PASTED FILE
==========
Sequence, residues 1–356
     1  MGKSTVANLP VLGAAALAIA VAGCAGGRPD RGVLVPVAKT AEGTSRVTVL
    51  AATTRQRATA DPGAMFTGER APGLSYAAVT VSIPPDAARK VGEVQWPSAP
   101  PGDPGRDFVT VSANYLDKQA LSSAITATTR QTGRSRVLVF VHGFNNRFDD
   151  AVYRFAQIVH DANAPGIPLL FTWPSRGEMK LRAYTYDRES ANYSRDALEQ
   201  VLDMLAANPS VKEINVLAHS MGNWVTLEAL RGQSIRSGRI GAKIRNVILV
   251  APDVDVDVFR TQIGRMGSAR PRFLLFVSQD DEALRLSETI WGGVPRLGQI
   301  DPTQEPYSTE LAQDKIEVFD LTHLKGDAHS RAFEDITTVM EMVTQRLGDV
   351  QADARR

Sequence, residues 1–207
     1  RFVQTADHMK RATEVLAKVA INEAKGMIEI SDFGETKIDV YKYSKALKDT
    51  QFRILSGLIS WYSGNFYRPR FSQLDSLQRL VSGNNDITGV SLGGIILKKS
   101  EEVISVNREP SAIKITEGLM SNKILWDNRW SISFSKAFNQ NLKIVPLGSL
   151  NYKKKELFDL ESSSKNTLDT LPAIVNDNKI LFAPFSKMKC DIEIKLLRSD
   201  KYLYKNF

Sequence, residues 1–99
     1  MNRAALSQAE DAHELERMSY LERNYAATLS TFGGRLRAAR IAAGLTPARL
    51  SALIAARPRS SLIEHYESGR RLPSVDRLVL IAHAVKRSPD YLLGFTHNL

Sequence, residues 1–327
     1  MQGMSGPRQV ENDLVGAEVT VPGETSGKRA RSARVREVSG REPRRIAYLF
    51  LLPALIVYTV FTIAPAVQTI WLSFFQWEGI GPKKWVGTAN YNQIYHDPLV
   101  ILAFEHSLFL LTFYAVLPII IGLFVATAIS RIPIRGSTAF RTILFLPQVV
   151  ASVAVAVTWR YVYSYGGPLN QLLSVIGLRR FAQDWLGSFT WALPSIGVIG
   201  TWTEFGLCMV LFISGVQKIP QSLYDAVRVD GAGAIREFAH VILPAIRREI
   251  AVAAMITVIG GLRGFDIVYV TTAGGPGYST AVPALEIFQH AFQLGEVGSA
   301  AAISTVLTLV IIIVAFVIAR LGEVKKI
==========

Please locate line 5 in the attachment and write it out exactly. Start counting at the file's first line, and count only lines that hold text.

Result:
   151  AVYRFAQIVH DANAPGIPLL FTWPSRGEMK LRAYTYDRES ANYSRDALEQ